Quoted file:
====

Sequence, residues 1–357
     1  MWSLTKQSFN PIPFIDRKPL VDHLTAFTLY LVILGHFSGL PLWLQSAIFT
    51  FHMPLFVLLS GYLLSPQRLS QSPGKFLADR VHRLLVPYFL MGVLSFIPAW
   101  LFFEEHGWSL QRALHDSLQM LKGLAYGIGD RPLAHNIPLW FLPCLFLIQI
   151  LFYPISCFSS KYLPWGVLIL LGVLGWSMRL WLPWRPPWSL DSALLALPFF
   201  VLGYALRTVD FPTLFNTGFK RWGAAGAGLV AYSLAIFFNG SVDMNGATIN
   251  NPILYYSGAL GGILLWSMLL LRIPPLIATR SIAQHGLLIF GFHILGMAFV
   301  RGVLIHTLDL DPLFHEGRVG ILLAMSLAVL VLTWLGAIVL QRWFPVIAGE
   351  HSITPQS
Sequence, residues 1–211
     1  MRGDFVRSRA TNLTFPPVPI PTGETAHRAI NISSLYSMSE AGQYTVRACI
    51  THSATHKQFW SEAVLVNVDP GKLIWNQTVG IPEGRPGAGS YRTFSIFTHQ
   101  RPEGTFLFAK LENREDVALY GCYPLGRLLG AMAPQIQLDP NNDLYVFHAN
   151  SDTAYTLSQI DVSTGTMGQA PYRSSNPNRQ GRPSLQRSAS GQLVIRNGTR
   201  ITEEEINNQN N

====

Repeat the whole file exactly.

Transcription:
Sequence, residues 1–357
     1  MWSLTKQSFN PIPFIDRKPL VDHLTAFTLY LVILGHFSGL PLWLQSAIFT
    51  FHMPLFVLLS GYLLSPQRLS QSPGKFLADR VHRLLVPYFL MGVLSFIPAW
   101  LFFEEHGWSL QRALHDSLQM LKGLAYGIGD RPLAHNIPLW FLPCLFLIQI
   151  LFYPISCFSS KYLPWGVLIL LGVLGWSMRL WLPWRPPWSL DSALLALPFF
   201  VLGYALRTVD FPTLFNTGFK RWGAAGAGLV AYSLAIFFNG SVDMNGATIN
   251  NPILYYSGAL GGILLWSMLL LRIPPLIATR SIAQHGLLIF GFHILGMAFV
   301  RGVLIHTLDL DPLFHEGRVG ILLAMSLAVL VLTWLGAIVL QRWFPVIAGE
   351  HSITPQS
Sequence, residues 1–211
     1  MRGDFVRSRA TNLTFPPVPI PTGETAHRAI NISSLYSMSE AGQYTVRACI
    51  THSATHKQFW SEAVLVNVDP GKLIWNQTVG IPEGRPGAGS YRTFSIFTHQ
   101  RPEGTFLFAK LENREDVALY GCYPLGRLLG AMAPQIQLDP NNDLYVFHAN
   151  SDTAYTLSQI DVSTGTMGQA PYRSSNPNRQ GRPSLQRSAS GQLVIRNGTR
   201  ITEEEINNQN N